Russell E. Marker
The information listed below is current as of the date the transcript was finalized.
Abstract of Interview
Russell Marker begins the interview by describing his childhood in a farming community in Maryland, his early schooling, and his growing interest in organic chemistry while a student at the University of Maryland. He then talks about his first jobs at the Naval Powder Factory and the Ethyl Gasoline Corporation, where he devised the octane rating system. Marker then discusses his subsequent move to the Rockefeller Institute. He elaborates on his interest in synthesizing human hormones from plants, resulting in a fellowship at Penn State and his first travels to Mexico to examine indigenous plant life. Marker then describes his laboratory work and business ventures in Mexico, including his role in forming the companies Syntex and Botanica-Mex. Marker concludes by discussing his leaving chemical research and newfound interest in silver reproduction.
|1923||University of Maryland, College Park||BS||Chemistry|
|1924||University of Maryland, College Park||MS||Chemistry|
|1925||University of Maryland, College Park||Completed thesis requirements for Ph.D.|
Naval Powder Factory
Ethyl Gasoline Corporation
Rockefeller Institute for Medical Research
Pennsylvania State University
Honorary Member, Mexican Chemical Society
The Russell Marker Lectures in the Chemical Sciences, Pennsylvania State University
Table of Contents
Born and raised in Hagerstown, Maryland, the oldest of three children. Father works on different farms until he can afford his own. Two years of schooling before high school. No chemistry or physics as high school student because only commercial courses are offered.
University of Maryland looking for students after World War I. Enrolled in summer classes by father. Receives good grades and is accepted as a full-time student. Develops interest in organic chemistry and laboratory work. Receives fellowship for his graduate work. Completes thesis requirements for Ph.D. but does not complete necessary academic courses.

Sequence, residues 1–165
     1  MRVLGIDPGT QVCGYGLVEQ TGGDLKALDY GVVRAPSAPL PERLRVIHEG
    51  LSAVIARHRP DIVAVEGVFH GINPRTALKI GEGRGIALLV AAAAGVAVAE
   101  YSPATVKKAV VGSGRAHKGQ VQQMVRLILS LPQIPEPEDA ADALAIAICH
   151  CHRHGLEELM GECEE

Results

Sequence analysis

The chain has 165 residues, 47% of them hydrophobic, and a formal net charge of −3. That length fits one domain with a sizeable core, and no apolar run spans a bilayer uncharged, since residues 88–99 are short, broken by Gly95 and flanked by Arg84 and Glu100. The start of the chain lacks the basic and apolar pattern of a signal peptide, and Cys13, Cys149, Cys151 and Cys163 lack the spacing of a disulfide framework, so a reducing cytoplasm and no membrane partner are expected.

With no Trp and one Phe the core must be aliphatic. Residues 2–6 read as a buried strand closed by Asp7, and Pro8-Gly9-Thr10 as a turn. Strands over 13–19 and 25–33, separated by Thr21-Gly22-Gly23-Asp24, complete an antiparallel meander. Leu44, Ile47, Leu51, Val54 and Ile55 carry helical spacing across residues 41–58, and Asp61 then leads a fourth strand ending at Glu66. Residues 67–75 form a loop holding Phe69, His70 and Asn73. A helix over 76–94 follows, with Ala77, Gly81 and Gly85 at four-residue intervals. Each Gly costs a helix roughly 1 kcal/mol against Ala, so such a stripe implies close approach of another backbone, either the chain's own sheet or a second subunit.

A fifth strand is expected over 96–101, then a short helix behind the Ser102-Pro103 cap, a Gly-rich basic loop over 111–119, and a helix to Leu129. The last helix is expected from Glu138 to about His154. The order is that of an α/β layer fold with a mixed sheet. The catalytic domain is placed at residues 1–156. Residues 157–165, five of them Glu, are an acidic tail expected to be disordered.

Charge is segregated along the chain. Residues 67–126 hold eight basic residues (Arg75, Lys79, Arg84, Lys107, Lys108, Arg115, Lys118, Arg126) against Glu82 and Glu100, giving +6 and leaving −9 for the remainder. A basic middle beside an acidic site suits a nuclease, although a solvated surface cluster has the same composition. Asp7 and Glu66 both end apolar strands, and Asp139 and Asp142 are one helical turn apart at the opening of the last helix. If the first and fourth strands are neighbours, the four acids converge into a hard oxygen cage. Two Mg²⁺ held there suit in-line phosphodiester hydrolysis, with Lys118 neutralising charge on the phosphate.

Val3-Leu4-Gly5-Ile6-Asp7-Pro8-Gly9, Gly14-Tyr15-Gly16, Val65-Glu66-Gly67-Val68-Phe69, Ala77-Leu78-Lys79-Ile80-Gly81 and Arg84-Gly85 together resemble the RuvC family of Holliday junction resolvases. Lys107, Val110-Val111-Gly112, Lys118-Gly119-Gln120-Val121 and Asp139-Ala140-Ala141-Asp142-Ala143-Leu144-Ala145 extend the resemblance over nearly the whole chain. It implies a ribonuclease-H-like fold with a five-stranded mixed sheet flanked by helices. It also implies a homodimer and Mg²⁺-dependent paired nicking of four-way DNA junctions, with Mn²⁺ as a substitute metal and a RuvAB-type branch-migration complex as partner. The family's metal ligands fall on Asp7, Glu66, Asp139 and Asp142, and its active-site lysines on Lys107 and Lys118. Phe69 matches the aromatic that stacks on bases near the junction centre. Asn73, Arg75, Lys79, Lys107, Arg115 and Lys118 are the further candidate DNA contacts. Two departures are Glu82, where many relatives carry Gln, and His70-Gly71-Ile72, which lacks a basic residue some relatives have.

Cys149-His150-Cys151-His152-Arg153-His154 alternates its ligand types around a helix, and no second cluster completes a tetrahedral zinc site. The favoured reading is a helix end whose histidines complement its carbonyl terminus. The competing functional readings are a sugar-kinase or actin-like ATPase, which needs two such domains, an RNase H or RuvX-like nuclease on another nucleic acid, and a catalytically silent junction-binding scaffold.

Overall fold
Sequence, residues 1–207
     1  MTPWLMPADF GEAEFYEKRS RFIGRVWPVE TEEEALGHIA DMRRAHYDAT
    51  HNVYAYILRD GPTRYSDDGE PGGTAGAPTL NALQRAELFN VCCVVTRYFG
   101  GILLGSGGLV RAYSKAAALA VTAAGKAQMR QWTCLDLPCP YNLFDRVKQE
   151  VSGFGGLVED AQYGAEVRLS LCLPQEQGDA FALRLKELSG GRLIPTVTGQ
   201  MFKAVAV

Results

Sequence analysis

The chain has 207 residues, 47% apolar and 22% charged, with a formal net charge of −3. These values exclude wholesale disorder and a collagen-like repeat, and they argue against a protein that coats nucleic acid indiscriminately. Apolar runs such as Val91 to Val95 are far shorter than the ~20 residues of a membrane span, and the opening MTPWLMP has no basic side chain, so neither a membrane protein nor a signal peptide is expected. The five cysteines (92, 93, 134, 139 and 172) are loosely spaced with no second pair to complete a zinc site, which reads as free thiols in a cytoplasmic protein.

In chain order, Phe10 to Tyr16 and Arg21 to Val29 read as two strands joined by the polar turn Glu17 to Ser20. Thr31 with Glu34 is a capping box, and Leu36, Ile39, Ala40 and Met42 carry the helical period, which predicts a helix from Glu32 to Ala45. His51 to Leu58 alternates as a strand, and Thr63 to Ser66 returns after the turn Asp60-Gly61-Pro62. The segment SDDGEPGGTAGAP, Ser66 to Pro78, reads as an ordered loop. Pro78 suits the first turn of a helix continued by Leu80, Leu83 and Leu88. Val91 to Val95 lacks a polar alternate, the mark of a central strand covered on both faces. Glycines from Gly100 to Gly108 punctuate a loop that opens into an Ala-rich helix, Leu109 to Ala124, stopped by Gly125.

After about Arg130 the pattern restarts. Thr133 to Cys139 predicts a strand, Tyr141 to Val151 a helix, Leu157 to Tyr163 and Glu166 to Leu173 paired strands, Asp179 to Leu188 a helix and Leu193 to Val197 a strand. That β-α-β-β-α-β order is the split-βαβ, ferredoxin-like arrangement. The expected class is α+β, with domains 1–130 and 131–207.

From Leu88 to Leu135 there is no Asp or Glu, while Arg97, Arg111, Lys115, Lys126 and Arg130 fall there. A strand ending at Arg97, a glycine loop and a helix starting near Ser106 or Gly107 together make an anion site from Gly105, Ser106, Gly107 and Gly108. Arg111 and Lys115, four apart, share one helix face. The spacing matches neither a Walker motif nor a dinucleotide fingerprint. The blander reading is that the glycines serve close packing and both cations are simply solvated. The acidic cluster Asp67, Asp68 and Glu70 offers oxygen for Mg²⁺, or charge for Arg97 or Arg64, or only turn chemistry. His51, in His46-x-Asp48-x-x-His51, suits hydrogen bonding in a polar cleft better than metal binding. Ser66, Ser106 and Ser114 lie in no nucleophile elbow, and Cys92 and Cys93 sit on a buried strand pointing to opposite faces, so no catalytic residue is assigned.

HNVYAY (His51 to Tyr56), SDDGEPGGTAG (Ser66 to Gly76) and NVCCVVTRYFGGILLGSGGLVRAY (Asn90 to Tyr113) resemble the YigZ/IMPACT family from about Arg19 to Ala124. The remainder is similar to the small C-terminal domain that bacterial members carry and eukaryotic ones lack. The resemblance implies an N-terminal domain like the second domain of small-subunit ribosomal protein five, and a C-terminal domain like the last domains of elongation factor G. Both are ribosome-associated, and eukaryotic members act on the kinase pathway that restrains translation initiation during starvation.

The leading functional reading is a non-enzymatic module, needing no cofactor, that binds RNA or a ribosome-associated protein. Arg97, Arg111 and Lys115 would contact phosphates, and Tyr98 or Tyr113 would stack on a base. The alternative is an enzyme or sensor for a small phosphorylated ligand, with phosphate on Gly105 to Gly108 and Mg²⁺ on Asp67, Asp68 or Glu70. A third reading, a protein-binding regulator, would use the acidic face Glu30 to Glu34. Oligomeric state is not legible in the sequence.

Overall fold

Accepts position with the Naval Powder Factory. Stays for seven months while searching for other employment. Marries in 1925. Employed by the Ethyl Gasoline Corporation in Yonkers, NY - works on organometallics and octanes. Meets P. A. Levene from his association with Frank Whitmore. Is asked to produce a compound for the Rockefeller Institute. Offered position there as an organic chemist.
Investigates the Walden inversion. Develops strong interest in hormones and is awarded a research grant at Penn State. Becomes full professor. Travels to Europe for first time, meets fellow chemists. Begins work with pregnanediol. Reaction of other organic chemists. Marker Degradation.
Problems in assembling equipment and chemicals. Initial work involves local plant life, including Dioscoreas. Dangers of living and working in Mexico during World War II. Develops relationship with Park, Davis Company.
Meets Federcio Lehmann and Emerik Somlo of Laboratorios Hormona. Formation of Syntex to produce progesterone. Cheated out of money by Somlo. Formation of Botanica- Mex. Workers encounter many security problems. Becomes affiliated with the Richter family. Problems with production; steady travel back to Mexico becomes necessary. Botanica-Mex sold to SmithKline & French.
Publishes papers on sterols while still in Mexico. Summary paper of work on steroidal sapogenins is published. Training of Ph.D. and postdoc students. Advantages of working with sterols. Awarded at the meeting of the Chemical Congress in Mexico.
Classified work for the United States and Mexico. Develops interest in silver reproduction. Divides time between Mexico, State College and Europe. Describes pieces of silver collection.
About the Interviewer
Jeffrey L. Sturchio is president and CEO of the Global Health Council. Previously he served as vice president of corporate responsibility at Merck & Co., president of the Merck Company Foundation, and chairman of the U.S. Corporate Council on Africa. Sturchio is currently a visiting scholar at the Institute for Applied Economics and the Study of Business Enterprise at Johns Hopkins University and a member of the Global Agenda Council on the Healthy Next Generation of the World Economic Forum. He received an AB in history from Princeton University and a PhD in the history and sociology of science from the University of Pennsylvania.